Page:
Gay Marriage is About Marriage, Not Rights

![Students rallied in White Plaza on Tuesday morning in protest of the Supreme Court’s 6-1 decision affirming Proposition 8. Angered activists also blocked the intersection of Palm and Campus Drive for several minutes on the same day. (Chris Seewald/The Stanford Review)](/content/uploads/courtprop8.jpg)
Students rallied in White Plaza on Tuesday morning in protest of the Supreme Court’s 6-1 decision affirming Proposition 8. Angered activists also blocked the intersection of Palm and Campus Drive for several minutes on the same day. (Chris Seewald/The Stanford Review)
The rejection of the legal appeal against Proposition 8 may prove a blessing in disguise for the gay community. If the community learns the lessons of Prop 8, as some positive developments have shown, then they will be better prepared to tackle the gay marriage issue and will have grown in the process.

Like many in the gay community, I was devastated by the results of Prop 8. As a firm believer in mainstream America, I accept that the proposed constitutional amendment is an appeal to direct democracy and takes credence over any other democratic decision, whether it is judicial or legislative. I accepted the results and took consolation in the long term trend which shows eventual success. The issue is primarily a matter of time.

When the case was filed in the California Supreme Court against Prop 8, I feared that the lesson was not learned. In light of the backlash following the first Supreme Court decision that fueled Prop 8, I was bewildered as to why the same-sex marriage advocates would again turn to the courts. The 52 to 48 spread showed that it is possible to win this battle by appealing to the people.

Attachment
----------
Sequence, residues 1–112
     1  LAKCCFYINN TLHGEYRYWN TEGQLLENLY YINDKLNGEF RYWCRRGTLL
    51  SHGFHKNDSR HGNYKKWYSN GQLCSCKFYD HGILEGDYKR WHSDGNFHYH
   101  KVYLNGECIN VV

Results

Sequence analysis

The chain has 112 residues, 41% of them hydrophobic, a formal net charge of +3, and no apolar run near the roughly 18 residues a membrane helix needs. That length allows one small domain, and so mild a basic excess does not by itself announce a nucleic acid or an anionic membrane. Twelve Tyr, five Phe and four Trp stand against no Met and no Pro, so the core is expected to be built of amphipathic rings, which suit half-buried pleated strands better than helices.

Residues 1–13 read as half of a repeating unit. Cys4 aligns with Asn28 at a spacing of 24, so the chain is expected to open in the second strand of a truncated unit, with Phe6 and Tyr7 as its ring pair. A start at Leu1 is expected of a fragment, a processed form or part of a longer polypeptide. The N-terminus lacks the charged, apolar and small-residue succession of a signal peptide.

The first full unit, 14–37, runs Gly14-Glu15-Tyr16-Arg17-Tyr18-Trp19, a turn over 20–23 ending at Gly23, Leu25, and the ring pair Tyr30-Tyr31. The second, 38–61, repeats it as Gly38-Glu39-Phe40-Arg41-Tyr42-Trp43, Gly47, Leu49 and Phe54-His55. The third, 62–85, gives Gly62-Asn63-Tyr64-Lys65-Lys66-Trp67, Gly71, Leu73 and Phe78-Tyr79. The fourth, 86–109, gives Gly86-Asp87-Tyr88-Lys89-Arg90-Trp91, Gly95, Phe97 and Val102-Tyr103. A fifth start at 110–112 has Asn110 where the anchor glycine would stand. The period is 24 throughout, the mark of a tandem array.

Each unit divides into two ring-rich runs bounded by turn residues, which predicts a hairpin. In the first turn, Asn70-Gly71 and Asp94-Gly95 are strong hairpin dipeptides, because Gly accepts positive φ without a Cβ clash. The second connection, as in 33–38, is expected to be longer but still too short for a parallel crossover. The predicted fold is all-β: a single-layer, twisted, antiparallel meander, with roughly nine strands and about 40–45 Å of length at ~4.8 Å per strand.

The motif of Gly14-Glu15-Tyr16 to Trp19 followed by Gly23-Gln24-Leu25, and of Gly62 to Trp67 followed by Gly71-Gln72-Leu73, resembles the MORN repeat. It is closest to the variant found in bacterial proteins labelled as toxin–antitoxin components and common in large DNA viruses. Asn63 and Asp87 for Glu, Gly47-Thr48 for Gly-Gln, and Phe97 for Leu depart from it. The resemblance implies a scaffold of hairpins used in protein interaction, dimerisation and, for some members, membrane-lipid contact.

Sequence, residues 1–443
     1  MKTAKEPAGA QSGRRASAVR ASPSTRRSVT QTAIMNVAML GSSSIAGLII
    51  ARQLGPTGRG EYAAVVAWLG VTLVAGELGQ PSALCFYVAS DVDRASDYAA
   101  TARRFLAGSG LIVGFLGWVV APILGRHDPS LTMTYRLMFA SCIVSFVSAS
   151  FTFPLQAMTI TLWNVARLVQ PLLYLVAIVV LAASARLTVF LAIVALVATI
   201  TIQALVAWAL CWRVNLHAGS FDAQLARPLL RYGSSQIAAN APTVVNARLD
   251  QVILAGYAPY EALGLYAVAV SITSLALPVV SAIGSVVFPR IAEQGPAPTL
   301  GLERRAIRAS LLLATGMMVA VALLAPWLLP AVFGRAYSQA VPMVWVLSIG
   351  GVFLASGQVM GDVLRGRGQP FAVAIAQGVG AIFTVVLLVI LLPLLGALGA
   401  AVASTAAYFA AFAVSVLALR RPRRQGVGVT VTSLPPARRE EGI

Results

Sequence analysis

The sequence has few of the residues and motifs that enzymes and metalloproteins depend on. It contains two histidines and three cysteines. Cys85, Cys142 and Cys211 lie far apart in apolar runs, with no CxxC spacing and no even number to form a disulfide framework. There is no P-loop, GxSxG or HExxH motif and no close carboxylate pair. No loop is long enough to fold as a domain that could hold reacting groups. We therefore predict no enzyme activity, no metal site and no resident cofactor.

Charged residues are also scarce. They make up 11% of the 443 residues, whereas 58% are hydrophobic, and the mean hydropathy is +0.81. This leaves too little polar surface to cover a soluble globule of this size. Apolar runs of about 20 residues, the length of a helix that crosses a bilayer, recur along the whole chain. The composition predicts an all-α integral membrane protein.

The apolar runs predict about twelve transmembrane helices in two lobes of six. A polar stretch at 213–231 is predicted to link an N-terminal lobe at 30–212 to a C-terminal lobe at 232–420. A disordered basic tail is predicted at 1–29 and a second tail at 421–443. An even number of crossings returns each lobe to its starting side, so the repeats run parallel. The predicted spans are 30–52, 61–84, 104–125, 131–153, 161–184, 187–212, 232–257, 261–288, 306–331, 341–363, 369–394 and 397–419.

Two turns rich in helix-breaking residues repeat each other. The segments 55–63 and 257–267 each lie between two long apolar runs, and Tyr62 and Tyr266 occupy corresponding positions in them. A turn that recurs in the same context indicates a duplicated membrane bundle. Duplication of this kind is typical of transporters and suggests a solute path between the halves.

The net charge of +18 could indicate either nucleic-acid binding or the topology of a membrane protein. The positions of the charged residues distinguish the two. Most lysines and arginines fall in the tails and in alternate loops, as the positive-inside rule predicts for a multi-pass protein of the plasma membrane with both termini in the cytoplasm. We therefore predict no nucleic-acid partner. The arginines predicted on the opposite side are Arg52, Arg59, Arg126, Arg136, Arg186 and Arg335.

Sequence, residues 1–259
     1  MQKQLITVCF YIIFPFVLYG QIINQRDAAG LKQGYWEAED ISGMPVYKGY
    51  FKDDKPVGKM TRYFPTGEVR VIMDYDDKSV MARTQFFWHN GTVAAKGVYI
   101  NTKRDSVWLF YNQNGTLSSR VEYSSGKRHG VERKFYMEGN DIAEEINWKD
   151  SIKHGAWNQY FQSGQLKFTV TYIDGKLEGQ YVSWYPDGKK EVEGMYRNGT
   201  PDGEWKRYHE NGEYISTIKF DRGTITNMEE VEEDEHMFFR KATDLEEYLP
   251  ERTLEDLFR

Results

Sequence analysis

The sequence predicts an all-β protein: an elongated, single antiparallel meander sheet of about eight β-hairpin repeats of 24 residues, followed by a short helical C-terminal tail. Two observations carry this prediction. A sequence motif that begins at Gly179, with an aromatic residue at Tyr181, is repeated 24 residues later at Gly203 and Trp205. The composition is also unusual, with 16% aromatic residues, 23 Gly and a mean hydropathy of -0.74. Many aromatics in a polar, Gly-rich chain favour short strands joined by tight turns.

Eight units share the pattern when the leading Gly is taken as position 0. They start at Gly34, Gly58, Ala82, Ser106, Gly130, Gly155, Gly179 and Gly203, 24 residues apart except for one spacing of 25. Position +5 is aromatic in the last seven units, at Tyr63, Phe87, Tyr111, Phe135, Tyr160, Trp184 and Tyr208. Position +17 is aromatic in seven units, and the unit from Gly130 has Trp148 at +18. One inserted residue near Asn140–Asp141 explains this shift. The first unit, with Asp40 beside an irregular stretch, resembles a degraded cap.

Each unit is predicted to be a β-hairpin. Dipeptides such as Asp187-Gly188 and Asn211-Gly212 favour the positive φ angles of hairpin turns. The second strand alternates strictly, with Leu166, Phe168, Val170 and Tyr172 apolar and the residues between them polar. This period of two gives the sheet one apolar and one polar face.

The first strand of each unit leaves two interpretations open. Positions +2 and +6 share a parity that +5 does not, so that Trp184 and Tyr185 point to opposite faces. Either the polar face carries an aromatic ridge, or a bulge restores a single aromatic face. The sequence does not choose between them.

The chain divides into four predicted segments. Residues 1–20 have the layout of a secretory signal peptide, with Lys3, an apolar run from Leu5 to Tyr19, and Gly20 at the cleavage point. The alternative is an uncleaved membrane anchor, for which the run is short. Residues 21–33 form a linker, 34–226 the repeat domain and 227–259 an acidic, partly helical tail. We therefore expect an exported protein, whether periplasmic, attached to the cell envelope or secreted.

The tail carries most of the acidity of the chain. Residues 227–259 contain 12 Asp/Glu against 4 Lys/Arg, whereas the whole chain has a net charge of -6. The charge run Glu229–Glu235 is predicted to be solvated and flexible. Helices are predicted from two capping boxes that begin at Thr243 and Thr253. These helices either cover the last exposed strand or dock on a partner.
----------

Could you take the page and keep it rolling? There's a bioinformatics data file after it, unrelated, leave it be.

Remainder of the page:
The “No On 8” campaign, while breaking milestones in funding and outreach, geared its message to the wrong crowd. Like any campaign, the electorate broke down into three groups: the un-reachables, the core, and the moderates. Both sides disregard the un-reachables and target the moderates to sway the vote. However, the message in 2008 focused more on the core than the moderates.

Framing the debate as a civil rights issue and a gross injustice is valid and accepted by the core, but is not a strong case for those with doubts. The moderates do not blankly condemn gay marriage as an abomination; however they are concerned that gay marriage advocates are demanding rights without appreciating the implications and responsibilities that marriage entails. This is the point that gay marriage advocates must digest and drive home.

Equality California, the main advocacy organization, seems to be moving in the right direction. Branching out from the sheltered coastal enclaves, they are opening outreach offices in the Inland Empire, the Central Valley, San Diego, Sacramento, and even Orange County. Rather than dismissing traditionalists, the campaign is now making efforts to show them that gay marriage is an affirmation, not a rejection of societal norms. Additionally they are bringing in religious leaders to explain the case to the very communities that were galvanized to pass Prop 8. This organizational change must be matched by a message that appeals to the moderates.

Owing to its radical and activist roots, prominent segments of the gay community are slow to realize that the nature of the game has changed. In light of past and continued discrimination, they refuse to make appeals to those they feel suppress their rights.

For better or for worse, gay marriage is the line in the sand for family values groups who stood silent in the face of much more serious attacks on heterosexual marriage like deteriorating emphasis on family and the proliferation of convenient divorce. Gay marriage advocates should not despair or bemoan our situation, but rather use it as an opportunity to show mainstream America that we not only deserve the right to marriage, but that we understand and seek the responsibilities of marriage as well.

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